Director: Dario Argento
Starring: Jessica Harper, Stefania Casini, Flavio Bucci, Miguel Bose, Barbara Magnolfi
When Dario Argento’s Suspiria was first released in 1977 it received a mixed reaction from critics. They claimed it was a cheap imitation of The Exorcist with bad acting, too much gore and unintentionally funny moments. Over the years Suspiria has gained a cult following and is now considered one of the horror classics of the 1970s and a must see for Italian horror fans. The critics who harshly criticised Suspiria when it first came out, couldn’t be more wrong. Suspiria is an almost perfect horror film and should be as widely known and recognised as The Exorcist, The Omen and Halloween as one of the best of the 1970s and an undeniable classic of all time.
Argento wrote and directed Suspiria, after travelling through Europe. It was inspired by this, as well as the essay Suspiria de Profundis by Thomas De Quincey, a piece on memory written while under the influence of hallucinogenic drugs. He took this idea of the occult, hallucinations and his love of fairy takes and wrote Suspiria. Suzy, the main character played by Jessica Harper (Little Women, Phantom of Paradise) was based upon the classic fairy tale character Snow White.
Suzy, an American ballet student travels to Germany to attend an exclusive ballet school. Upon arriving at the school, in torrential rain, she isn’t permitted entry but is told by someone that they don’t know who she is. Everything from the beginning is a bad omen for her and foreshadows what’s to come. All of this punctuated by the evocative, aggressive and abrasive score by Argento’s regular collaborator prog rock band Goblin. The music is loud, haunting and powerful. It’s a great score and can be listened to outside of the film with the same unsettling and creepy effect. One of the best horror scores ever composed and can be clearly seen as an influence on John Carpenter’s work. While Suzy is travelling to shelter for the night, she sees one of the other students, running away from the school in the rain. Later that night the student is murdered in a brutal and gory fashion.
The next morning Suzy returns to the school to be admitted straight away. There is confusion about where she is staying, whether with one of the other students or at the dorm rooms. It’s clear that the deputy head mistress wants her in the dorm rooms, for unknown reasons. After fainting during class, Suzy finds her belongs moved to the dorm room and is prescribed a nightly meal and glass of wine, that sends her to sleep. There is something not right about the school and Suzy isn’t the first one to notice. The terror and suspense builds slowly to the horrific final act.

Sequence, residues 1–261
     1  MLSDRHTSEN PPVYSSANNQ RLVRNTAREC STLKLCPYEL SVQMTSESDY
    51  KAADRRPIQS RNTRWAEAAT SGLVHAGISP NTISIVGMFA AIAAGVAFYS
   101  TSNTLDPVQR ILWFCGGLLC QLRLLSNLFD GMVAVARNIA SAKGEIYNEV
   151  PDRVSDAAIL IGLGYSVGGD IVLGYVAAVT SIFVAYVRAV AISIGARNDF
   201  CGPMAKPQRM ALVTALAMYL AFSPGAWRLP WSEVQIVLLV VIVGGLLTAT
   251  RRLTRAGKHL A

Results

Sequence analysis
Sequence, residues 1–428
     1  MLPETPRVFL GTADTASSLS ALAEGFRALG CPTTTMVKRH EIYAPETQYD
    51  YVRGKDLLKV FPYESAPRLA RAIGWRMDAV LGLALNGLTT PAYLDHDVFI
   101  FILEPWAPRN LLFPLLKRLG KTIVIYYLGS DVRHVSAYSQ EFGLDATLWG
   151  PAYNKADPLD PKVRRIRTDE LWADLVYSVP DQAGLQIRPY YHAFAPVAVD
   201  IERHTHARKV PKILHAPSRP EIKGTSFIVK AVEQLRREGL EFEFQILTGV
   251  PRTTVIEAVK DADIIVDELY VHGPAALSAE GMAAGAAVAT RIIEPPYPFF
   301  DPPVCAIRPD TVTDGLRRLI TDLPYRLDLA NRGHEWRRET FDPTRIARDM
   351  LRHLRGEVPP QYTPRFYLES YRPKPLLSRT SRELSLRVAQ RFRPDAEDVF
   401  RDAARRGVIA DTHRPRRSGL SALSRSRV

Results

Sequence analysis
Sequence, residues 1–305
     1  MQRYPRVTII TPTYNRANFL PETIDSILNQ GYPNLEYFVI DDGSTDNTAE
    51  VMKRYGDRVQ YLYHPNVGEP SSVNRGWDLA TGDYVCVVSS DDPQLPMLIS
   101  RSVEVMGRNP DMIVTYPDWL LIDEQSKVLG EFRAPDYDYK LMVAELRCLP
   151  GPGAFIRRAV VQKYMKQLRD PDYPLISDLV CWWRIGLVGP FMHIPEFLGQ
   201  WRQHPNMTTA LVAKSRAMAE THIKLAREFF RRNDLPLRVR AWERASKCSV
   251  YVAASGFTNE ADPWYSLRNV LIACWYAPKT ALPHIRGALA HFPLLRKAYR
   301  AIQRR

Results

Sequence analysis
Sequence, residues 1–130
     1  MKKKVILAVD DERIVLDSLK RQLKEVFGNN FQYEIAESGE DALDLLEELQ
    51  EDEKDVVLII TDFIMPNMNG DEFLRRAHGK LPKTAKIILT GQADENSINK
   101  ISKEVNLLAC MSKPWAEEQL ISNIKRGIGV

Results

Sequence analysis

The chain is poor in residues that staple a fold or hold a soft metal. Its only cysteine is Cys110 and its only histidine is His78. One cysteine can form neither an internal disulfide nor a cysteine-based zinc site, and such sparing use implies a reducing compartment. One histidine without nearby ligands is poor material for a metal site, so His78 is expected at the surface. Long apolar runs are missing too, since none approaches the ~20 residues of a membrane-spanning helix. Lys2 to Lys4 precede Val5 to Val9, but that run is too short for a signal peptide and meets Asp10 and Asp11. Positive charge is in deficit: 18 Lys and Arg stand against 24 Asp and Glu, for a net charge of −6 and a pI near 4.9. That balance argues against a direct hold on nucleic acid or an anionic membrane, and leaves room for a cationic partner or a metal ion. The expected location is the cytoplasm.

The opening sequence, the airport in the rain and arriving for the first time at the school, sets the tone for the film. With the overpowering score and the foreboding and uncanny tone, it’s obvious that things aren’t what they seem. Everything is unsettling and this builds slowly throughout. While there is a moment of extreme gore and violence in the opening, which many critics have ripped the film apart for, this isn’t for the whole film. It’s not a gorefest horror in the style of Saw or Friday the 13 that would come after Suspiria. The true terror comes from the slow building tension through the unsettling scenes and brilliant camerawork.
Every shot of Suspiria could be framed and hung as art. The nightmarish set-design with its use of bright and vivid primary colours give everything a stylish and unique look. It cinematic in a way that makes everything seem unhinged and unsettling. Argento was inspired by the bright colours of Disney’s Snow White and used older techniques when developing the film to create the lush and vivid colours that pop off the screen. Every room in the school, are all lit with a bright a deliberate colour, feel like something out of a dream and that there is secrets underneath. This is further focused on with the motif of mirrors and reflections. Certain rooms are shot with a symmetrical imagery, characters only appear in mirrors, and one of the big reveals later in the film is focused on through the mirror in the room. It feels like there is a hidden world just underneath the surface of the nightmarish world we are seeing.
A lot of the early criticism of Suspiria focuses on the acting. For the most part the acting is perfectly fine, it’s not outstanding but it never fails to be believable or watchable. One of the reasons of this I believe, is the way Italian films were shot during the 70s. Each actor spoke in their native language, with the film later being dubbed into different languages. For the English release, some of the characters are dubbed in English from Italian, while others including Jessica Harper spoke English on set. This isn’t always noticeable but does add to the nightmarish quality of the film when words don’t sync with those speaking.
Suspiria is a tense and horrific film. All the way through it builds to the final sequence perfectly and once that starts the film doesn’t back down. From the moment Sarah, played by Stefania Casini (Lontano da dove) is chased through the school, signally the beginning of the end, you’ll be on the edge of your seat entranced in the hypnotic quality of Argento’s masterpiece.
The film is perfectly shot, each camera angle and movement perfectly and deliberately framed. From its horrific and gory moments to the impeccable and flawless set design Suspiria is a captivating and magical piece of art. It’s a masterpiece of horror cinema. The music by Goblin is one of the striking and creepiest scores of all time. The effects, while dated now, are fantastic and still look creepy and unsettling. (There are a lot worse from films made almost half a century later). The lighting and set design is magical and the final sequence is breath-takingly tense. The whole film is spectacular nightmare of horror.